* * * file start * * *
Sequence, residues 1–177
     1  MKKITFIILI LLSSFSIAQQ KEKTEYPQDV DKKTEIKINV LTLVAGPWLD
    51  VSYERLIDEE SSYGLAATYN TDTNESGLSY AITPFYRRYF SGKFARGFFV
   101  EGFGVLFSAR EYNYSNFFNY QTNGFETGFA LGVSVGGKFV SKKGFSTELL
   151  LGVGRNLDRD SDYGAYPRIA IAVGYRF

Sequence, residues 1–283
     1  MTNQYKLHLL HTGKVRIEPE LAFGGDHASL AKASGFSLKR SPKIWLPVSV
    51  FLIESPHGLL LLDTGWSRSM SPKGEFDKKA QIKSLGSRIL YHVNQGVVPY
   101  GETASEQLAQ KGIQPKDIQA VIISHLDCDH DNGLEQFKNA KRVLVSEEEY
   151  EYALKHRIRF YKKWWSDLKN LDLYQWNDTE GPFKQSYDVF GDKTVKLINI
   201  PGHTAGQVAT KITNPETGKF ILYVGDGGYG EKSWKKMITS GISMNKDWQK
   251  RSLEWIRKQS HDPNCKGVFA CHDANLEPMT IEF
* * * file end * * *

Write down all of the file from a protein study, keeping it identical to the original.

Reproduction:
Sequence, residues 1–177
     1  MKKITFIILI LLSSFSIAQQ KEKTEYPQDV DKKTEIKINV LTLVAGPWLD
    51  VSYERLIDEE SSYGLAATYN TDTNESGLSY AITPFYRRYF SGKFARGFFV
   101  EGFGVLFSAR EYNYSNFFNY QTNGFETGFA LGVSVGGKFV SKKGFSTELL
   151  LGVGRNLDRD SDYGAYPRIA IAVGYRF

Sequence, residues 1–283
     1  MTNQYKLHLL HTGKVRIEPE LAFGGDHASL AKASGFSLKR SPKIWLPVSV
    51  FLIESPHGLL LLDTGWSRSM SPKGEFDKKA QIKSLGSRIL YHVNQGVVPY
   101  GETASEQLAQ KGIQPKDIQA VIISHLDCDH DNGLEQFKNA KRVLVSEEEY
   151  EYALKHRIRF YKKWWSDLKN LDLYQWNDTE GPFKQSYDVF GDKTVKLINI
   201  PGHTAGQVAT KITNPETGKF ILYVGDGGYG EKSWKKMITS GISMNKDWQK
   251  RSLEWIRKQS HDPNCKGVFA CHDANLEPMT IEF